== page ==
Serotonin (5-HT) 5-HT2C receptor (5-HT2CR) is recognized as a critical mediator of diseaserelated
pathways and behaviors based upon actions in the central nervous system (CNS). Since 5-HT2CR
is a class A G protein-coupled receptor (GPCR), drug discovery efforts have traditionally pursued the
activation of the receptor through synthetic ligands with agonists proposed for the treatment of obesity,
substance use disorders and impulse control disorders while antagonists may add value for the treatment
of anxiety, depression and schizophrenia. The most significant agonist discovery to date is the FDAapproved
anti-obesity medication lorcaserin. In recent years, efforts towards developing other mechanisms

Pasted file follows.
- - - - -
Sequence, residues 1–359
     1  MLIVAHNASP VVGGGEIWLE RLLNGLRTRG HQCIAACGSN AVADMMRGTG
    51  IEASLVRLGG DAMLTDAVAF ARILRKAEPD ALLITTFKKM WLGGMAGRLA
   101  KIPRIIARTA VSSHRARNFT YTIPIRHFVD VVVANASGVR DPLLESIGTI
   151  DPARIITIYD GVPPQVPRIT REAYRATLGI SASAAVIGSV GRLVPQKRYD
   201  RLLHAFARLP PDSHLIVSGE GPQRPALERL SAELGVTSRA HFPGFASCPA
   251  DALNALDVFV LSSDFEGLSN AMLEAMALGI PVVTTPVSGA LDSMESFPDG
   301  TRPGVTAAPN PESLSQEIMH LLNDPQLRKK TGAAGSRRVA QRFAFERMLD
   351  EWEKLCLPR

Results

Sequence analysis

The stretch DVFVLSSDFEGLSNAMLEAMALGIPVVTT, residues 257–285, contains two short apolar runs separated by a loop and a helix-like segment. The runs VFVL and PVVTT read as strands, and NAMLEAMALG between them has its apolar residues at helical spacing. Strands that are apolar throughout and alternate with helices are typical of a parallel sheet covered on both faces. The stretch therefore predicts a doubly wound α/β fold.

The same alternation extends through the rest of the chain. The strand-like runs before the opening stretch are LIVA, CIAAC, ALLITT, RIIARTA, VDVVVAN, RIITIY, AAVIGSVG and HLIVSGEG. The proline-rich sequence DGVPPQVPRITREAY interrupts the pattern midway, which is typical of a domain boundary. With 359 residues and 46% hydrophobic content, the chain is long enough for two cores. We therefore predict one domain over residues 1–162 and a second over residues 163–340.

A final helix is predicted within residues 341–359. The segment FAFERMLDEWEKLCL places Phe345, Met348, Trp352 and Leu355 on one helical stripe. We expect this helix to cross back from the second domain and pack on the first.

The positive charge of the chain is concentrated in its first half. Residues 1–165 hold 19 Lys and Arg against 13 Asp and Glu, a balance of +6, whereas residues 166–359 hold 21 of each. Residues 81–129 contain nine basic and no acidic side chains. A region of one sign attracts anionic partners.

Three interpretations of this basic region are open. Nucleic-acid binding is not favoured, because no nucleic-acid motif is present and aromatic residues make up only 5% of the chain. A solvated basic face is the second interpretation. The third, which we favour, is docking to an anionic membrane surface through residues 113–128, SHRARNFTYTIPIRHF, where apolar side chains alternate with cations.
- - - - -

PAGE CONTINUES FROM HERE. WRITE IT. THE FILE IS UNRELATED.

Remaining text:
to enhance receptor function have resulted in the discovery of Positive Allosteric Modulators
(PAMs) for the 5-HT2CR, with several molecule series now reported. The biological significance and
context for signaling and function of the 5-HT2CR, and the current status of 5-HT2CR agonists and PAMs
are discussed in this review.
Keywords: 5-HT2C receptor, Agonists, Allosteric modulation, Positive allosteric modulators, Target selectivity, Signaling bias,
Drug discovery, Ligand development, Pharmacological probes, Central nervous system disorders, Neurotherapeutics.
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Herrick-Davis, K.F.; Dinah, T. 5-HT2C receptors in the pathophysiology of CNS disease. British Journal of Clinical Pharmacology: Blackwell Science Inc, 2011, 72, 129-155.
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